August 12, 2012

7 Surprising Reasons Why You Shouldn't Drink Soda

New York City Mayor Michael Bloomberg provided late-night TV hosts with a week's worth of joke fodder back in June when he proposed that sugary drinks of over sixteen ounces be banned from all the city's restaurants, food carts, and stadiums. As funny as this proposal was made to seem, at the very least, it got the country talking about the dangers to our health that we risk by consuming too much soda, sports drinks, and even juices.

7 Surprising Reasons Why You Shouldn't Drink Soda - Beauty and Personal Grooming
According to the city's Department of Health and Mental Hygiene, "Obesity has led to a big increase in the prevalence of Type II diabetes, heart disease, asthma, and other problems," and that's just the half of it. Here are seven more reasons why you should eliminate--or at least drastically reduce--your soda consumption.
  1. It's expensive. Yes, a case of soda costs as much as two bottles of imported spring water, but water from the tap or a water fountain costs significantly less. If you are concerned about contaminants, a good water filter will take care of them.
  2. Sugar is bad, but what's in soda may be worse. Most non-diet drinks are sweetened not with sugar (which is generally mostly sucrose) but with High Fructose Corn Syrup (HFCS), which some studies suggest may contribute more toward obesity by abnormally affecting the appetite. To further confuse matters, the corn lobby is powerful and far-reaching, so any studies that suggest a corn product is unhealthy are countered with vast legal resources. Do the research and decide for yourself.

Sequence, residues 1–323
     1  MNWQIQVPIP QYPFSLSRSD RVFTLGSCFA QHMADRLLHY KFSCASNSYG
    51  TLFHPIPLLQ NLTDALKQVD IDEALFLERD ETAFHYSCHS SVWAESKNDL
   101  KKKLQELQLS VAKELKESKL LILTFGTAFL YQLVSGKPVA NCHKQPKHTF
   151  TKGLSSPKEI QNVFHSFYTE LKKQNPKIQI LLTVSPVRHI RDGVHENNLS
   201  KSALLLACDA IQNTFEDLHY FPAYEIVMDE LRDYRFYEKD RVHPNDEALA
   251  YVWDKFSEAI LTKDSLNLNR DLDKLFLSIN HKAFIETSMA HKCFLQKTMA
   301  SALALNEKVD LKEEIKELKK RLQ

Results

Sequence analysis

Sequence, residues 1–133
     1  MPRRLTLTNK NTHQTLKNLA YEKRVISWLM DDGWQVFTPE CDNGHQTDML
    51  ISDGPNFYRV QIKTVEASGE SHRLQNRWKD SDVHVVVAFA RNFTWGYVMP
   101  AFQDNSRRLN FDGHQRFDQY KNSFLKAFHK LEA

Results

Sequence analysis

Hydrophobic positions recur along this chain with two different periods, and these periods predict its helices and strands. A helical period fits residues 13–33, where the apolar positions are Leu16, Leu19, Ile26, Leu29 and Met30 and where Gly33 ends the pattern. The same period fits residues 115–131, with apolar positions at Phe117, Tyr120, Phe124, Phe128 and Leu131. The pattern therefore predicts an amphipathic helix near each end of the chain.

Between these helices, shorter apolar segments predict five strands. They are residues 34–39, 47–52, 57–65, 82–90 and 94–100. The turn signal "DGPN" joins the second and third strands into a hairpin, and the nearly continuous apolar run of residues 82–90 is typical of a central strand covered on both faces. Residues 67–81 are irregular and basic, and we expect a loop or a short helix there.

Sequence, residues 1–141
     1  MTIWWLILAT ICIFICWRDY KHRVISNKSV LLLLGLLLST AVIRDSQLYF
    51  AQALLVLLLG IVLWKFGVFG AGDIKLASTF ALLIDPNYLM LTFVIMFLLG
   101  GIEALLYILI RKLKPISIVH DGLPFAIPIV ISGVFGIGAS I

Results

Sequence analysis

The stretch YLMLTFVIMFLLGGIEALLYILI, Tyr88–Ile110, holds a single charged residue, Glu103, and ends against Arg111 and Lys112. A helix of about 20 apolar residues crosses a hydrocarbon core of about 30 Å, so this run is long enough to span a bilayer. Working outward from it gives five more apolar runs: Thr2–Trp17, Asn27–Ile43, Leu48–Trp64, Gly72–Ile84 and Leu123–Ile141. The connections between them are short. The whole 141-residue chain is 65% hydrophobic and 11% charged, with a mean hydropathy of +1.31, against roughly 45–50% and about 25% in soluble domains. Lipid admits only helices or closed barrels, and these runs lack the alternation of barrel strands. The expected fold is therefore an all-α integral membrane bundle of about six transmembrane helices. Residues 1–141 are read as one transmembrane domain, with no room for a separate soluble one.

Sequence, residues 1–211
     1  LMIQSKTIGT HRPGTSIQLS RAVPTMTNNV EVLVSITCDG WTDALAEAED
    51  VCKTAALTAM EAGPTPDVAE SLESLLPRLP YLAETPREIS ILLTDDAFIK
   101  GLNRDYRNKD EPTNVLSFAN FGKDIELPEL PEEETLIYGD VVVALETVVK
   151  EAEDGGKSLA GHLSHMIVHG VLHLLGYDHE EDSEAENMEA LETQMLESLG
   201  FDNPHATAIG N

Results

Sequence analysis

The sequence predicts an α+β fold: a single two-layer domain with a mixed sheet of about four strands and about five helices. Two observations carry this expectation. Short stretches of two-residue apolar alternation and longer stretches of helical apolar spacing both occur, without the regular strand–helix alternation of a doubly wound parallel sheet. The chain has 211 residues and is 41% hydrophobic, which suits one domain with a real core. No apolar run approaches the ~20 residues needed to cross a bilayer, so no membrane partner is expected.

3. Soda is destroying fertile farmland. While the means by which we obtain drinking water are not altogether healthy for the environment, the production of the other ingredients in sodas may be accelerating the decline of our planet's well-being. One example is the corn used to produce HFCS: Over-farming, the use of pesticides, and the introduction of genetically-modified seeds are practices that frequently come under fire from environmental groups.
  4. Soda containers are overrunning the planet. Unless you make your own soda, you must purchase it in a container. Even if those containers are recyclable, their manufacture and recycling still negatively impact the environment with chemical waste and unrecyclable materials.
  5. Artificial sweeteners are not a healthy solution. Even without the sugar, the acids in most sodas still cause tooth decay. A University of Texas study suggests that artificial sweeteners may contribute toward obesity and Type 2 Diabetes by fooling your body's security system and increasing appetite. Then there are those pesky chemicals, like the chlorine used to create sucralose. Is it worth all these risks when you are better off just eliminating sweetened drinks altogether?
  6. It's just not necessary. The average human needs to consume at least three liters of water per day just to replace fluids lost by normal bodily functions. If those three liters contain other ingredients that do nothing for our health and may in fact be harming our bodies, we as a nation need to either drastically reduce or soda consumption or eliminate it altogether.
  7. It sets a bad example. A CDC NCHS Data Brief from 2011 states that "consumption of sugar drinks in the United States has increased over the last 30 years among both children and adults." After reading through reasons one through six, do we really want to encourage our children to continue on this path of degrading health and planetary stewardship?

With a laundry list of risks to personal and planetary health, soda is a bad choice for anything except possibly the occasional indulgence of a sweet tooth.

Al Natanagara is a writer, journalist, and blogger whose career includes stints with ZDNet, CNet, CBS, LexisNexis, and Law Enforcement. He has written on a plethora of topics including: homicide forensics, app development, and the finer points of cooking and enjoying offal.



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